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MEXICO - De Facto Amnesty for “Dirty War” Human Rights Violators (Diego Cevallos, IPS)

Saturday 4 February 2006, posted by Manuela Garza Ascencio

03/002/06 - IPS - The commitment made by Mexican President Vicente Fox to bring to justice those responsible for the torture and murder of activists and dissidents in the late 1960s and 1970s remains an empty promise, and there is apparently little interest among his possible successors in taking up the issue.

“Fox’s promise was a lie, he has not kept it and now it will never be fulfilled,” Alicia Camacho, a torture survivor and spokeswoman for the Union of Mothers of the Disappeared in Culiacán, told IPS.

“The trouble is, many of those who are guilty are still in positions of political power, and nobody wants to touch them,” she said. Camacho, a historian, was held in a clandestine prison in 1977, where she was beaten and abused by state security agents in spite of being pregnant.

With just 11 months to go before Fox’s term comes to an end, analysts and activists are discouraged with regard to the possibility of clarifying pending cases from the so-called “dirty war” against dissidents - mainly student activists and members of armed guerrilla groups opposed to the governments of the Institutional Revolutionary Party (PRI), which governed Mexico for 71 years.

A total of 532 cases of forced disappearance have been documented from the late 1960s and the 1970s.

According to Carlos Gómez, director of Amnesty International in Mexico, “the president’s promise has not been fulfilled, and there seems to be little interest in the subject among the presidential candidates and their political parties.”

In its four years of work, the Special Prosecutor’s Office for Social and Political Movements of the Past has only ordered three arrests. All other requests for prosecuting suspects who are still alive are bogged down in legal problems and have run up against astute defence lawyers who predict that the efforts of the Office will fail completely.

In other countries, democratic governments have promoted the creation of Truth Commissions to shed light on periods of state repression. In contrast, Mexico opted for this prosecuting body, created in 2001 and attached to the Attorney General’s Office, with powers to bring legal cases.

“But the results show that there was no real political will,” the head of the local branch of the London-based rights watchdog Amnesty International told IPS.

According to Professor Sergio Aguayo, “Fox’s six-year term is coming to an end without the government fulfilling its promise to deliver justice, truth, and compensation to the victims of the dirty war. Instead, it has granted a de facto amnesty for those who violated human rights in the past.”

When Fox took office in December 2000, he pledged to investigate the dirty war, punish those responsible, and compensate the victims. As the first president in seven decades from a party other than the PRI, his words brought hope.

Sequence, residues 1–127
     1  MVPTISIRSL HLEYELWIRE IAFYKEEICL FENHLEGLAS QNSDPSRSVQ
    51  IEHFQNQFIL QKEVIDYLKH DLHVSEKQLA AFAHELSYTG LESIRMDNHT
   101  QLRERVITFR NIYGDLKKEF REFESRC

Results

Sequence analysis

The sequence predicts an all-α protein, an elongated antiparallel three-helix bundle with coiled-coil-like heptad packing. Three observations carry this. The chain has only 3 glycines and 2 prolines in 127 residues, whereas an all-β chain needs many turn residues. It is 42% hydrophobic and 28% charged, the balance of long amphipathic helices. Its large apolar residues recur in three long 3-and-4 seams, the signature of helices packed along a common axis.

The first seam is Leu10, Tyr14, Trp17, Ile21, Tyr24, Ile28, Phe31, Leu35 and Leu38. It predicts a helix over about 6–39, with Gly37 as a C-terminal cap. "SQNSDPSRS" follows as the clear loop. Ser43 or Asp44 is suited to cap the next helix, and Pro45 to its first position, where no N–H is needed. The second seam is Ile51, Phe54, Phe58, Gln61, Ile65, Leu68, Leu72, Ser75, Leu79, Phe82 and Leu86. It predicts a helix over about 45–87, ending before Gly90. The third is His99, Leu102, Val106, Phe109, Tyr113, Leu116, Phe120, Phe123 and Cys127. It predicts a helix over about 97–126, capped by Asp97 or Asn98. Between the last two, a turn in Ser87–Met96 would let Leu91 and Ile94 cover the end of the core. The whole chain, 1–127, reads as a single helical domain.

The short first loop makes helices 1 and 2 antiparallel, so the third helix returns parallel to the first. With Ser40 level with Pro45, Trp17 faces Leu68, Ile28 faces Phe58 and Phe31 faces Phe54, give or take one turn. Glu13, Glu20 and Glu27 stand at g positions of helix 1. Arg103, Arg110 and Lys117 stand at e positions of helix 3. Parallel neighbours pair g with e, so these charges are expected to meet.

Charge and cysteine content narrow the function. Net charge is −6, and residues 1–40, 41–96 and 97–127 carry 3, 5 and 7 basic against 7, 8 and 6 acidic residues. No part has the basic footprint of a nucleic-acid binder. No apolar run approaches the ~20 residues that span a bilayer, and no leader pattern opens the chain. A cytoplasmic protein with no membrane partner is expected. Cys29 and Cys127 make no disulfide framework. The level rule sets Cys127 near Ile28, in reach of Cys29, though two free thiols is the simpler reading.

The wave of repression that took place under PRI governments included not only the forced disappearance of hundreds of activists, but also several high-profile massacres of student protesters.

In 1968, hundreds of students were killed when the police and army opened fire on demonstrators in Tlatelolco square in Mexico City, and in June 1971 a group of paramilitaries killed dozens of student protesters, also in the capital.

Camacho, 50, one of the survivors of the brutal crackdown on government opponents, said she clearly remembers her arrest on Aug. 19, 1977 in her native Sinaloa, a state in northwestern Mexico whose capital is Culiacán.

She said she was taken by police to an improvised secret jail in a private house, where she was held for two months, blindfolded and suffering abuse and torture. She was eight months pregnant at the time of her arrest, and gave birth to her son in captivity.

Her husband, a member of a clandestine leftwing organisation, was killed by the police.

“All the information in my case, the names, places and dates, was handed over to the Special Prosecutor’s Office, but nothing has been done,” Camacho complained.

The repression was the other face of the PRI, which claimed to be revolutionary, supported socialist Cuba, called for a new international economic order and gave asylum to hundreds of people persecuted at that time by military dictatorships in South America.

The Special Prosecutor’s Office has so far brought about the imprisonment of Miguel Nazar, director of the now-defunct Federal Security Agency in the 1970s and 1980s. He was accused of abducting a person in 1975 whose whereabouts are still unknown. A lower-ranking policeman is also in custody, and another is wanted but still at large.

However, others who are also facing charges, like former president Luis Echeverría (1970-1976), have so far avoided prison through the use of legal maneuvers.

Among the presidential candidates most likely to succeed Fox in the July elections, the subject of the dirty war has been notable for its absence.

Andrés López Obrador, the candidate of the left-leaning Party of the Democratic Revolution, who leads the polls, declared last year that he was in favour of clarifying the crimes of the past, but did not explain how that would be done if he is elected.

The second-most popular candidate, Felipe Calderón of the governing National Action Party, supported Fox’s policy in the past.

But PRI candidate Roberto Madrazo went so far as to say that discussing the dirty war is a “smokescreen” that can “endanger our institutions, and, therefore, the state itself.”

Since the official start of the election campaign in January, the issue has not been mentioned.


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